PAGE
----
Today on Blogcritics
Home » Culture and Society » First Mother’s Day Without Dad

First Mother’s Day Without Dad

Please Share...Tweet about this on Twitter0Share on Facebook0Share on Google+0Share on LinkedIn0Pin on Pinterest0Share on TumblrShare on StumbleUpon0Share on Reddit0Email this to someone

In the past I have written about the difficulties of living through Mother’s Day without my mother. This is now my seventh Mother’s Day without Mom, and it is no easier than the first. I think about her, wish she were here, and try to celebrate the spirit of the day for my wife and children’s sake; however, there is a noticeable heft in my heart.

When I went to the grave to place flowers there, for the first time I was also placing flowers on my father’s grave. As to get the fact into my mind, I traced his newly engraved name on the tombstone with my fingers, and I realized, perhaps for the first time, that he really was gone now.

In the past years since Mom passed away, I always had Dad as a support on this day. After all, we were suffering the loss and got through the day together. That gave me an emotional crutch to lean on, and we would share our stories and it felt as if Mom were there with us. Now with Dad gone, those stories are exclusively mine now.

My sister’s stories are hers and they were shared with them too, but there are those things you share by yourself with your parents, and those get filed in the memory banks as moments no one else is familiar with. Therefore, things that I could have just mentioned to Dad that we three experienced would make him laugh, perhaps something Mom did or said in our presence. Now only I know these things, remember them, and I realize they are lost when I pass on.

I know I am not alone in this; everyone eventually loses his or her parents. Of course, this is a natural progression of things. Now I go on, share what I can with my children, and realize some things do not need to be transmitted. Now if I see something that I could only reference to my parents, I speak to their ethereal presence, and I know that they hear me. More than ever since my father passed on I feel an aura, some spiritual companionship that is fleeting but I know is there.

So on this Mother’s Day I will try to get through the day knowing Mom and Dad are together but also with me. They are watching me with my children and wife, and this helps me appreciate what is happening now. One day I will join them when I pass on, and there will be so much catching up to do for me because I believe they will already know everything that happened here.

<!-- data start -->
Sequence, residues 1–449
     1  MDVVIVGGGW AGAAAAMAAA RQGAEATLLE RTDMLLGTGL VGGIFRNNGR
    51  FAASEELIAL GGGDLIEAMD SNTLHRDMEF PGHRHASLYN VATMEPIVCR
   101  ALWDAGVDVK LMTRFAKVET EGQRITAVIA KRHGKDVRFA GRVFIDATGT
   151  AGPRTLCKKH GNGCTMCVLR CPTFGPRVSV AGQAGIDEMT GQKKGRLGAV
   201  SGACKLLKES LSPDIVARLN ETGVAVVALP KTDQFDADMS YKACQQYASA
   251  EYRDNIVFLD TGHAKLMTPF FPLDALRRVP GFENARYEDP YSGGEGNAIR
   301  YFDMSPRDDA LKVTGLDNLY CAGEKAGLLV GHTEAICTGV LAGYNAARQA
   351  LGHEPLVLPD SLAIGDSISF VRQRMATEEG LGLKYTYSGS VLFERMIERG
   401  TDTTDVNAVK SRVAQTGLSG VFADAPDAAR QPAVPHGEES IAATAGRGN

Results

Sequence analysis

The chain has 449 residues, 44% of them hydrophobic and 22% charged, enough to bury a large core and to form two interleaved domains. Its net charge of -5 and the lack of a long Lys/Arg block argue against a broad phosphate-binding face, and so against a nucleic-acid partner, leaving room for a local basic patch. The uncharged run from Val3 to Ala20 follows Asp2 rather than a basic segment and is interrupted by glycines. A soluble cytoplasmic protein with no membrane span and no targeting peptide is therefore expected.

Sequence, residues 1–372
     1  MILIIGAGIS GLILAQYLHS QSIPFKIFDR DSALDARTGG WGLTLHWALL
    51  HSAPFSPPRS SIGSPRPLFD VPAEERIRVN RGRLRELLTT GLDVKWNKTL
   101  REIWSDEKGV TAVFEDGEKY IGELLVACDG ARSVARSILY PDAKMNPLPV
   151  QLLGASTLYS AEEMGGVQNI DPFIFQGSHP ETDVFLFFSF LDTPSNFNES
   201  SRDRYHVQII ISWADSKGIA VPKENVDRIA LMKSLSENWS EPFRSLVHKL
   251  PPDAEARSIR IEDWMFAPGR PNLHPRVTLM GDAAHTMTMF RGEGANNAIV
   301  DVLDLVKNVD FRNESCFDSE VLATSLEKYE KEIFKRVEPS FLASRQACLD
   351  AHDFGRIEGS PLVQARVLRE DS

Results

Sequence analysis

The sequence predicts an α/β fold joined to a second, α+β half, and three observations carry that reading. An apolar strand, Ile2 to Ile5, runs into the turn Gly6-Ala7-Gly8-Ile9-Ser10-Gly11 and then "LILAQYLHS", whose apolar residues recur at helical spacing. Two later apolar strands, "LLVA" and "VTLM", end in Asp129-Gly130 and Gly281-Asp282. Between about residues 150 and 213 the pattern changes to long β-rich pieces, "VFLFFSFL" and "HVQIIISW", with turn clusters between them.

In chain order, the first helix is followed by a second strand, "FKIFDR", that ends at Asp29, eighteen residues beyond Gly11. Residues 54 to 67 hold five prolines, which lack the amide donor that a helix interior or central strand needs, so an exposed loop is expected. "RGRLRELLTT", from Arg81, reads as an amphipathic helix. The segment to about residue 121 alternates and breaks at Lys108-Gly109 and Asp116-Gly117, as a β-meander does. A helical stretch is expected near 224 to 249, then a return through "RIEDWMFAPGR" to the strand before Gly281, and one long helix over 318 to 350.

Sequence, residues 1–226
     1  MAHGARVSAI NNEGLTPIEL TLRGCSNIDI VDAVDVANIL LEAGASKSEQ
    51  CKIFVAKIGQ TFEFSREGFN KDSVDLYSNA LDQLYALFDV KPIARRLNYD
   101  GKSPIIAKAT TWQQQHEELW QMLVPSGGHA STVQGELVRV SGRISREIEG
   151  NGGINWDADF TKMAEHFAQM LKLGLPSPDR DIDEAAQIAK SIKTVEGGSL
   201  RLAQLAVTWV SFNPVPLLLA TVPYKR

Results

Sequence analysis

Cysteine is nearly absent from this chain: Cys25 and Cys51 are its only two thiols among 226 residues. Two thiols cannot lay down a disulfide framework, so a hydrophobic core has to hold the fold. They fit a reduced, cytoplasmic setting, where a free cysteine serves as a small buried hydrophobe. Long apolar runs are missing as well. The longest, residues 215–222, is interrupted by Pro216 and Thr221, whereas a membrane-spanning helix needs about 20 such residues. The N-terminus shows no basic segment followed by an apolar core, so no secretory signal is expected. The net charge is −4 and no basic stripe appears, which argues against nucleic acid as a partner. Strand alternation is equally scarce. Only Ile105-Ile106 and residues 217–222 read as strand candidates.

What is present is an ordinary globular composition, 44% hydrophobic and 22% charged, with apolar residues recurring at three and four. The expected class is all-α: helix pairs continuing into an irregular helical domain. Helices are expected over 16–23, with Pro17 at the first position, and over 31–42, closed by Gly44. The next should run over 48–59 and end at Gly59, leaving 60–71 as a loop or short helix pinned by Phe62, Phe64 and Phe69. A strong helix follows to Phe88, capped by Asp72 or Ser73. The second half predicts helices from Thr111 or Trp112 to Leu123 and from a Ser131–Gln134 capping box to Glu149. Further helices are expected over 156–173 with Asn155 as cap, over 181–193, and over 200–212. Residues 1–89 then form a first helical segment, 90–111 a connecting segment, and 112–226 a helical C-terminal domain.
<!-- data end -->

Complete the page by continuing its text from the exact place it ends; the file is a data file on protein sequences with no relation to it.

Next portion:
If you do have your mother in your life, I wish you and her well. I hope you can be together, but if not there are ways you can connect from far away. Do not let the day slip away because one day you will wish Mom was here and you’ll only be able to bring her flowers in the cemetery. Believe me when I say at that time you will feel empty and lost and just wish you could have her back to kiss on the cheek.

Now I must get through my first Mother’s Day without Dad. It’s harder than I thought, but I will get through the day thanks to my own kids. Yes, I know Father’s Day is the next hurdle, but I’ll face that when the time comes. I’m told it gets easier with time but that hasn’t happened for me yet, and I have my suspicions that it never will.

Powered by

About Victor Lana

Victor Lana has published numerous stories, articles, and poems in literary magazines and online. His books In a Dark Time (1994), A Death in Prague (2002), Move (2003), The Savage Quiet September Sun: A Collection of 9/11 Stories (2005) and Like a Passing Shadow (2009) are available online and as e-books. He has won the National Arts Club Award for Poetry, but has concentrated mostly on fiction and non-fiction prose in recent years. He has worked as faculty advisor to school literary magazines and enjoys the creative process as a writer, editor, and collaborator. He has been with Blogcritics since July 2005, has edited many articles, was co-head sports editor with Charley Doherty, and now is a Culture and Society editor. He views Blogcritics as one of most exciting, fresh, and meaningful opportunities in his writing life.